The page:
'Is That a Tattoo?' Therapeutic Tape Grabs the Olympic Spotlight

Premier Health Now

United States figure skater Mirai Nagasu recently made international headlines when she became the third woman in history to land a triple axel in Olympic competition. At the same time, Nagasu, who is competing at the 2018 games in PyeongChang, South Korea, was also gaining attention for a thin rectangular mark that ran the length of her right inner thigh.

A Mystery Solved

As viewers speculated on social media, most seemed to think it was some kind of a tattoo or bruise. Eventually the questions were answered when it was revealed that Nagasu was actually wearing a USA-branded version of a therapeutic kinesiology product known as KT Tape. 

KT Tape’s manufacturer took the opportunity to explain that their product is “used to provide pain relief and support” for athletes.

Premier Health Now reached out to Brian Jans, PT, DPT, SCS, a board-certified sports medicine specialist with Upper Valley Medical Center for Sports Medicine, to learn more about the benefits of KT Tape.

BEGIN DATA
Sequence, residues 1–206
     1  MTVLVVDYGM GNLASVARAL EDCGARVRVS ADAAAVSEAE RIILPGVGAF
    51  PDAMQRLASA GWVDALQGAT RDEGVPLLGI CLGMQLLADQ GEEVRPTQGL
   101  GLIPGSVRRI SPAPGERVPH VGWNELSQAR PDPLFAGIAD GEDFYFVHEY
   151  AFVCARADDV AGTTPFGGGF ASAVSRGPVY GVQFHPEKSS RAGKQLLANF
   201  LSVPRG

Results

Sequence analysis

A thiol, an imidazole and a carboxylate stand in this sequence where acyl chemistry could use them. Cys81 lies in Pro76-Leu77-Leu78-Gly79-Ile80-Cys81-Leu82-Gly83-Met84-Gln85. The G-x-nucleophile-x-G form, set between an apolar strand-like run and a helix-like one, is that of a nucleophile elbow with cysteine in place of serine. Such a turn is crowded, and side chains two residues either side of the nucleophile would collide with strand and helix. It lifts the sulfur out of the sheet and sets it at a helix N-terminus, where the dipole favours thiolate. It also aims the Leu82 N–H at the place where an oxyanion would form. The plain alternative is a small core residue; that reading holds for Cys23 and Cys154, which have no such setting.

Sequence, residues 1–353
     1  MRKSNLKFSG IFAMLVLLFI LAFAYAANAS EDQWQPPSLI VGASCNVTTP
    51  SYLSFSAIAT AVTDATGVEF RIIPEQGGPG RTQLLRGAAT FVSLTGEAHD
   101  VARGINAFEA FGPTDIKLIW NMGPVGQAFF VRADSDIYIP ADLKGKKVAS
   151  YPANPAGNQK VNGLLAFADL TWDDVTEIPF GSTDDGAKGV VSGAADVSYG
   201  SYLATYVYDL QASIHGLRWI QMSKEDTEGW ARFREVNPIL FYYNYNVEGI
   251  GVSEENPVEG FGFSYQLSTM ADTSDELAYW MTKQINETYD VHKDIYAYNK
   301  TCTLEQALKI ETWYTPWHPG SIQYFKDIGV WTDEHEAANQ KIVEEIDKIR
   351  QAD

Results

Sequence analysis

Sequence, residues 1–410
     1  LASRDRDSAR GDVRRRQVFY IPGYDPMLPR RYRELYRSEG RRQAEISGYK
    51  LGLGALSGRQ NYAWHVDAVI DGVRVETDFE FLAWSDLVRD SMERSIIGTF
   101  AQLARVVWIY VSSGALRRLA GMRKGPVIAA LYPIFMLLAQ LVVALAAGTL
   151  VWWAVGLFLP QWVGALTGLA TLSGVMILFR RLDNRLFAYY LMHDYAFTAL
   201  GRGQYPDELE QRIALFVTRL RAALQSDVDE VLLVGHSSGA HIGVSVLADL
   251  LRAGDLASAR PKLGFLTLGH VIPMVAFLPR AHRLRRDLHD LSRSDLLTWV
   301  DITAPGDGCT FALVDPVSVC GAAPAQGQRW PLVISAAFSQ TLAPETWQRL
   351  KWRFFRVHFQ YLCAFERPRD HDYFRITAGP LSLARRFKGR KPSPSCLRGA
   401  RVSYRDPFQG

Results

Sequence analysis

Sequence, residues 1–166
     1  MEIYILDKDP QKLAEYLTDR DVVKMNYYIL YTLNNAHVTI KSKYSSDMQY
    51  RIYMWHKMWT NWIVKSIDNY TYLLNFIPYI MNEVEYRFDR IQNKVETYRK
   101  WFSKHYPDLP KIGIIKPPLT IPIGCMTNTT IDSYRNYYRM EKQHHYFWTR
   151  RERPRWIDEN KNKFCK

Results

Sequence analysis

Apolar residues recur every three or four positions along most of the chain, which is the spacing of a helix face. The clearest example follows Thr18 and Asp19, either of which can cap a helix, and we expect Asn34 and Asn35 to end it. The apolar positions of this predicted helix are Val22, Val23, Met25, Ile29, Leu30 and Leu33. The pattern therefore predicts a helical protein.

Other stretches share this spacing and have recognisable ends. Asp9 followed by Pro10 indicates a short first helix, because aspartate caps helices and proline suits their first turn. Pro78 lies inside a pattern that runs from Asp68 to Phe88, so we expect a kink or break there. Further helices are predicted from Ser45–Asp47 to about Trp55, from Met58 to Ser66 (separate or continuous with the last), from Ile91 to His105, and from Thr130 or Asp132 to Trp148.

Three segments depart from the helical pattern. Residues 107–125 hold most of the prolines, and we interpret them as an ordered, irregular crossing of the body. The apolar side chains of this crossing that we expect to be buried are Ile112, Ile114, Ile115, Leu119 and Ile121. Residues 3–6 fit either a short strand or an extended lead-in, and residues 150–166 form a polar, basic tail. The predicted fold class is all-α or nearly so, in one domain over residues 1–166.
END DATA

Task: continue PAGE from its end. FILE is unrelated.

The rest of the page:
Three Types of Therapy

“It's an elastic tape that can be used for three different types of therapy,” says Jans. “One is to lift the outer layer of skin off underlying tissue to help with swelling or bruising. It’s also used to inhibit muscles to relax by anchoring the tape in one spot and pulling it in a certain direction. And it can facilitate muscles to work by anchoring the tape in the opposite direction.”

Though the mystery around Nagasu put a unique spotlight on the use of KT Tape, it has been a long-trusted resource for trainers and athletes of numerous sports to speed healing and ensure peak performance.

“I’ve seen it produce some fantastic results, depending on the need,” says Jans. “For Nagasu, the tape could have been used to help her muscles work more effectively or to even help relax them if they were strained.”

As with any pain relief or therapy regimen, it is always recommended to consult a physician to discuss questions and risk factors before beginning use.